Of the four major entertainment awards shows: the Oscars, the Emmys, The Grammys, and the Tonys (collectively now referred to as the EGOT awards), only the Oscars have ever really interested me enough to actually watch them, and then it was rare and generally only when Billy Crystal hosted.

But last night, for some odd reason, I found myself watching the Tonys. I was happy to see that they went on despite the tragedy in Orlando. Is tragedy the right word? James Corden has emerged as perhaps the best presenter -- as they call them in England -- in the US right now. I enjoyed the show, although I started to tire of it as it wore on.

Having watched Birdman more than a dozen times now, I have really come to appreciate Broadway much more than I might have otherwise.

Nothing seemed more accurate than the description of last night's Tonys presentation: "the Oscars with diversity." It was truly amazing. It really seemed that Broadway, at least this year, was where African-Americans were making their mark. Wouldn't it be interesting if Broadway becomes the "farm team," as it were for Hollywood? Comparing Broadway and Hollywood is comparing apples and oranges, but maybe the argument works. I don't know.

I don't particularly care for Oprah Winfrey, but I was happy to see The Color Purple win the awards it did.

Again, The Bakken Is The "Gold Standard" -- June 13, 2016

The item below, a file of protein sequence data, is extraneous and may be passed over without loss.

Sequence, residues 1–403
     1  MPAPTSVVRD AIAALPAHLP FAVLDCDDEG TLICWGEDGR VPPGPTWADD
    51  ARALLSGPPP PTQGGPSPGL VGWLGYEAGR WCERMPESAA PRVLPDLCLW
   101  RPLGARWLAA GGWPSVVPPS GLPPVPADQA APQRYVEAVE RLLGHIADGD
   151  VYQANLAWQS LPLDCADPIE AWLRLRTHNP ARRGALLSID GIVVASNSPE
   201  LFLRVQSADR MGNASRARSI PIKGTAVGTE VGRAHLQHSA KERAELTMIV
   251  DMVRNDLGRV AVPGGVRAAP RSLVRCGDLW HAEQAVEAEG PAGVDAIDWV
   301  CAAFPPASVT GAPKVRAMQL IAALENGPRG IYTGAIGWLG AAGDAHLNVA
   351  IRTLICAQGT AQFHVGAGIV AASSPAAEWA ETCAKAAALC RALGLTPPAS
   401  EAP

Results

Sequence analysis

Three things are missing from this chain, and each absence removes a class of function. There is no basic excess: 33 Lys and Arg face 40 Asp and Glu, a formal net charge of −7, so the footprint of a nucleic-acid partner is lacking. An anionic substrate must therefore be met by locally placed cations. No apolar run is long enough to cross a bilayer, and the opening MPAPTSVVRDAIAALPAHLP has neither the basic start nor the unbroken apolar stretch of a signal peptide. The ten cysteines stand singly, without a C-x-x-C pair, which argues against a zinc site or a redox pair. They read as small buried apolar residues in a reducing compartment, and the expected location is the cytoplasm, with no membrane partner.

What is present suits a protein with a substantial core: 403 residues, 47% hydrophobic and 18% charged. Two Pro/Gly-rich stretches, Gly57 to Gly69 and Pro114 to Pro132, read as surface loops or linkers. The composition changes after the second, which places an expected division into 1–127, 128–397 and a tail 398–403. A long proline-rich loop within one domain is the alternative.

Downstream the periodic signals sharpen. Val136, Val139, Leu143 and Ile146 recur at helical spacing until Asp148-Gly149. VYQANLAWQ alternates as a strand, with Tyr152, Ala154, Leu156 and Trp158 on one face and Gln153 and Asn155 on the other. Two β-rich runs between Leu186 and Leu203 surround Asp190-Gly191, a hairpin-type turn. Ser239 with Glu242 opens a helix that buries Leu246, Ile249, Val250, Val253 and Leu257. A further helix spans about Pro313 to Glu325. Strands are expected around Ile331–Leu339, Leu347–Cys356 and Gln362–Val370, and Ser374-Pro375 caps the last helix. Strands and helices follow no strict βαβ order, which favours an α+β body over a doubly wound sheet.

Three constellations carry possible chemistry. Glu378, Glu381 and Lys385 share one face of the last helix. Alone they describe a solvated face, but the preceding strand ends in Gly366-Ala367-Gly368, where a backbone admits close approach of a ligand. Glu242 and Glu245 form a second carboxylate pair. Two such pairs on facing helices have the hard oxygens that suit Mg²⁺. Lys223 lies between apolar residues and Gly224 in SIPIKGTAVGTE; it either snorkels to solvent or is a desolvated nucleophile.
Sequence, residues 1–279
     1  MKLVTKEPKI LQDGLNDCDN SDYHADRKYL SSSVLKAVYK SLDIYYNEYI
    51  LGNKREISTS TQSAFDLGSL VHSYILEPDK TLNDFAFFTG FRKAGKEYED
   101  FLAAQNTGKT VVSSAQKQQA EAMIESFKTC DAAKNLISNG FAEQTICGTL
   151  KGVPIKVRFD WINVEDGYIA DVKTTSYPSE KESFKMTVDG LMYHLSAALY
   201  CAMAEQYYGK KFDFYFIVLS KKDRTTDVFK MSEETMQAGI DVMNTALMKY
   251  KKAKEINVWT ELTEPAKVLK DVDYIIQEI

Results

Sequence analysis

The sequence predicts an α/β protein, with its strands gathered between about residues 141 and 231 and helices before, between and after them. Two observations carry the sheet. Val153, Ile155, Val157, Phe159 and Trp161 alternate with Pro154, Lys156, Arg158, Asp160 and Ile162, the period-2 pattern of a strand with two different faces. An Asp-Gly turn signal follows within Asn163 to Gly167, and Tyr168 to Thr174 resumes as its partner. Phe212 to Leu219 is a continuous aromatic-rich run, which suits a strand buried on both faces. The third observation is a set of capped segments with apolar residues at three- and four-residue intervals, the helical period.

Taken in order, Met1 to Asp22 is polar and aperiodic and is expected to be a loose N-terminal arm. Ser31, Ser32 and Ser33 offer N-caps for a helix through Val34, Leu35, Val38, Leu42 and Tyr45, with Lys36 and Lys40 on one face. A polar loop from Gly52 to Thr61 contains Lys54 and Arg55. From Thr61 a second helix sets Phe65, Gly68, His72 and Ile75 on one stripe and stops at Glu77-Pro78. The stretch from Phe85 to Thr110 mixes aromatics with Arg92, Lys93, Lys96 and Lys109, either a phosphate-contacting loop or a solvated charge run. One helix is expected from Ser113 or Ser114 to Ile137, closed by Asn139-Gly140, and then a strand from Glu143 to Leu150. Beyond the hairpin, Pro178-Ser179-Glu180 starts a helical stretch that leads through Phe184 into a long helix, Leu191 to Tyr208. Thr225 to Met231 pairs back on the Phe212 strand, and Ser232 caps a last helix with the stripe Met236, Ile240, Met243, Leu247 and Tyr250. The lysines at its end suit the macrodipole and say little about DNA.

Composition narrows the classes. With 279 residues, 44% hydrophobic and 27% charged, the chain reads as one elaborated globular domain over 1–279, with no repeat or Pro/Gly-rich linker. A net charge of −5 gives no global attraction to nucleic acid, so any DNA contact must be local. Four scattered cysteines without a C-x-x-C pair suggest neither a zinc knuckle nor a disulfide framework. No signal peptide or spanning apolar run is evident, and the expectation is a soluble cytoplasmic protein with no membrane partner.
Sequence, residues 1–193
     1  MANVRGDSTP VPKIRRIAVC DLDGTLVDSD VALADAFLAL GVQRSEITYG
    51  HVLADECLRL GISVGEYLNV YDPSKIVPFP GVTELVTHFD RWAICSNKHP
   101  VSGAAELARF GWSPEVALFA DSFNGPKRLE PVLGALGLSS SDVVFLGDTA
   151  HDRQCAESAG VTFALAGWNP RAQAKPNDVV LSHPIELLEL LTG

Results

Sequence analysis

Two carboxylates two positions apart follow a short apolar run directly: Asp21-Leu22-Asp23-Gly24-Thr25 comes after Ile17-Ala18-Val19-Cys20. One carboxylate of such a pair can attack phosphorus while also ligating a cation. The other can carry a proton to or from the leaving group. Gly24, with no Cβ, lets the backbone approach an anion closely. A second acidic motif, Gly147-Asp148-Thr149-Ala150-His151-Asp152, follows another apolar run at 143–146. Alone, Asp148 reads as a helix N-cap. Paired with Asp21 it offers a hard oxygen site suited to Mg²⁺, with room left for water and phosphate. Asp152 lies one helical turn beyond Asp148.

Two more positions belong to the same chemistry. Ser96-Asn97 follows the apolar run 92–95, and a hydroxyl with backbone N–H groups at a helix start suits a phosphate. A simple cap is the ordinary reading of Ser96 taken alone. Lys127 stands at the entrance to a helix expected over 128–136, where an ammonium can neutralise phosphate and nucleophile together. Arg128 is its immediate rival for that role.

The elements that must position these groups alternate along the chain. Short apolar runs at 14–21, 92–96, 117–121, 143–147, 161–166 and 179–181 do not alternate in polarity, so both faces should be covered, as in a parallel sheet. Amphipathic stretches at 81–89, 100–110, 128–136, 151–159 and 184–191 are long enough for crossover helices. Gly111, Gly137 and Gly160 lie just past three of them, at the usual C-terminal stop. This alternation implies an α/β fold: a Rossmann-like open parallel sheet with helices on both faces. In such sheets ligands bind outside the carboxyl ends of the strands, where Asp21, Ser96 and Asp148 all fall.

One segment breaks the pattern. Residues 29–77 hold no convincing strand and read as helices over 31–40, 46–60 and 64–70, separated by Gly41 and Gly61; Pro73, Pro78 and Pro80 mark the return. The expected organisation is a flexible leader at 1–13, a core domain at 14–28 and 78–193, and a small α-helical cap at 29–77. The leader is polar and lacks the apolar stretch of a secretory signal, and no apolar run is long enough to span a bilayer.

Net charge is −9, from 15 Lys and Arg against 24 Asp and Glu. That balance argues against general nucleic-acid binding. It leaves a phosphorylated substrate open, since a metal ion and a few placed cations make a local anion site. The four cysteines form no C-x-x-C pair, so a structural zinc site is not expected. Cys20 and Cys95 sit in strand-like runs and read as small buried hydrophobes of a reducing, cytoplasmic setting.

June 14, 2016: see second comment. The dating of the Vaca Muerta compared to the Bakken was misleading / poorly written in the linked Bismarck Tribune article. The Bakken is much, much older than the Vaca Muerta. 

Later, 3:46 p.m. Central Time: see first comment. Actually quite embarrassing for an article coming from "ground zero" when it come to the oil and gas revolution. I've updated the faux pas in red bold in the linked Bismarck Tribune article below.

Original Post
The four shale basins in Argentina:
  • Vaca Muerta
  • Chaco basin (northern Argentina; Paraguay-Brazil-Uruguay border)
  • Golfo San Jorge basin (Patagonia centered on Comodoro)
  • Austral-Magallanes (extreme south)
A report earlier today mentioned that COP would begin exploring the Magallanes in southern Argentina. The Magallanes was not on my radar scope. It is now. From The Bismarck Tribune, from last fall, September 25, 2015:
After drilling two vertical wells into a tight shale formation called the Vaca Muerta (“Mad Cow”), YPF completed its first horizontal well in July 2011. The formation is located in western Argentina just east of the Andes in the Neuquen basin.
(It is one of four shale basins in the country.)
Current reserve estimates for the Vaca Muerta are 16-22 billion barrels of oil and 308 trillion cubic feet of natural gas. Numbers like those attract lots of attention.
The Vaca Muerta is made up of shales, chalks and other sedimentary rock units. It was laid down about 145 million years ago, so it predates the Bakken by nearly a quarter of a billion years of earth history. At that time the area to the east of the emerging Andes was covered by a shallow sea, which ultimately accumulated the microscopic organisms that became oil and gas. It’s also a time when the super continent Gondwana was breaking up sending South America, Australia, Africa, India, and Antarctica on their separate ways.